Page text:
NHS strike: one in five workers need a second job, poll finds

10 Oct 14
Some 20% of NHS workers need a second job to make ends meet, a survey by trade union Unison has found as strike action takes place across the health service today.

By Mark Smulian | 13 October 2014

Some 20% of NHS workers need a second job to make ends meet, a survey by trade union Unison has found as strike action takes place across the health service today.

NHS staff

Answers from 3,366 members – out of 18,000 surveyed - showed 54% said they were overdrawn every month and half felt they wouldn’t survive without another source of income.

Second jobs taken by NHS workers included posts as lifeguards, hairdressers and dog groomers. Some also worked additional shifts in hospitals.

Despite this extra income, half of respondents said they had to borrow to stay afloat financially with 57% relying on credit cards, and 41% on friends and family, while 13% had resorted to pay day loans.

Unison head of health Christina McAnea said: ‘The government is refusing to acknowledge that there is a real poverty problem affecting NHS workers.

‘A demotivated, stressed workforce is bad for patients and bad for the NHS.’

She added: ‘It’s time NHS workers got a fair deal for the invaluable work they do. The government needs to step back from the brink and reconsider its pay policy urgently.’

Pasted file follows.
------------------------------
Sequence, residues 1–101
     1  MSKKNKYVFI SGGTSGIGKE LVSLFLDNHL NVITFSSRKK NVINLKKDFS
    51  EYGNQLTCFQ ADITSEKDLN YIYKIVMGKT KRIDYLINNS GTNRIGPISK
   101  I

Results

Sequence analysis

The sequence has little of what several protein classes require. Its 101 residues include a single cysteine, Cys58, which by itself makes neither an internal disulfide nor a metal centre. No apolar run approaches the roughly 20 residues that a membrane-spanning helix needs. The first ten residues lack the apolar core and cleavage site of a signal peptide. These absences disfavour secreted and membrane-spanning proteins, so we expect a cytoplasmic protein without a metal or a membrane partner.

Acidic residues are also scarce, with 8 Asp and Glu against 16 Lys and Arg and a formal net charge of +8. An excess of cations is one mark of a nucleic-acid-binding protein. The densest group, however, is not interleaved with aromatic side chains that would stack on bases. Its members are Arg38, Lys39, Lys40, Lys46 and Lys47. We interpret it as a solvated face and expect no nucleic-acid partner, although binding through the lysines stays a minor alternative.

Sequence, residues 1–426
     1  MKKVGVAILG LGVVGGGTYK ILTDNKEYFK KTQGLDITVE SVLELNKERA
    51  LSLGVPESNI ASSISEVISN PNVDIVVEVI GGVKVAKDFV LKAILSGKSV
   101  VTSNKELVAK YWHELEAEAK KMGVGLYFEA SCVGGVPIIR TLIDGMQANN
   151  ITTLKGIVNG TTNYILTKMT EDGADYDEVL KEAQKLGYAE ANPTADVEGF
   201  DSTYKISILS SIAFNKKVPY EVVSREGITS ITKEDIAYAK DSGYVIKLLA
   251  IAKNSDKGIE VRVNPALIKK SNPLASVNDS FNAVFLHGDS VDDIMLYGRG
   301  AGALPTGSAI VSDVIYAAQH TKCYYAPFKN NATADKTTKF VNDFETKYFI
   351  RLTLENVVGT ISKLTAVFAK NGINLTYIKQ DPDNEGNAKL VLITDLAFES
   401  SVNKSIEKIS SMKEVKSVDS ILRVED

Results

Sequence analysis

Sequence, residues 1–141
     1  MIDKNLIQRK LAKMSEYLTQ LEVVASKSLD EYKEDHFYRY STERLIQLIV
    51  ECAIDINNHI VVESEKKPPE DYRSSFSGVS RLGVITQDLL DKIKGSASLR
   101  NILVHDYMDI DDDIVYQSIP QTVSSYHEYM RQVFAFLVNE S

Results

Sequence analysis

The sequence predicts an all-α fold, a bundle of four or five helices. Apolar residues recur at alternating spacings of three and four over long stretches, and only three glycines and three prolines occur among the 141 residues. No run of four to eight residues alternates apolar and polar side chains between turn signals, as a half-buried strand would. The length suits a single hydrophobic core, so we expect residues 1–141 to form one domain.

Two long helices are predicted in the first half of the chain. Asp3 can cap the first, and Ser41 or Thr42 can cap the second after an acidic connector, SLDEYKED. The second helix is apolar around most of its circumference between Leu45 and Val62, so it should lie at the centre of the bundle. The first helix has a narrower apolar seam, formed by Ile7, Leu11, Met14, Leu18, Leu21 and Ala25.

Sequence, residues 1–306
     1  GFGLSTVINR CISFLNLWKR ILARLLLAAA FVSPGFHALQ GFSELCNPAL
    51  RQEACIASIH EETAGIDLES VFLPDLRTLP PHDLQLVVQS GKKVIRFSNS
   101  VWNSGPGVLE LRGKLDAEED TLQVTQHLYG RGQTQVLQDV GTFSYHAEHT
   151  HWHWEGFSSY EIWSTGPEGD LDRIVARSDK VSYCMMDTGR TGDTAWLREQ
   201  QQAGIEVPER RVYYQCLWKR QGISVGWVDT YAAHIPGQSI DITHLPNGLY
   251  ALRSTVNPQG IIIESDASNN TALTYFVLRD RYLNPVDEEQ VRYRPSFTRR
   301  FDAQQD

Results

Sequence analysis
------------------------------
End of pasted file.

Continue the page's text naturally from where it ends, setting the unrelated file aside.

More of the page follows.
Eight trade unions, including the Royal College of Midwives, took part in today’s industrial action – a four hour strike from 7am to 11am.

This will be followed by four days of action short of strikes over the course of the week, when staff will refuse to work through their breaks.

The action follows the decision by the government to not award all NHS workers a 1% pay increase based on the cost of living. Instead, only those not receiving increases through progression will get the rise. 

‘This is the first time in 32 years that NHS workers take industrial action over pay, and for many, it will be the first time,’ McAnea – who is also trade union chair of the NHS Staff Council – said.

‘The fact that so many unions representing a range of NHS workers are taking action today or preparing to join future actions should send a clear message to the government. The NHS relies on the good will of its workers but we know that a demotivated workforce is bad for patients.  The government needs to start negotiating with us and reconsider their pay policy.’

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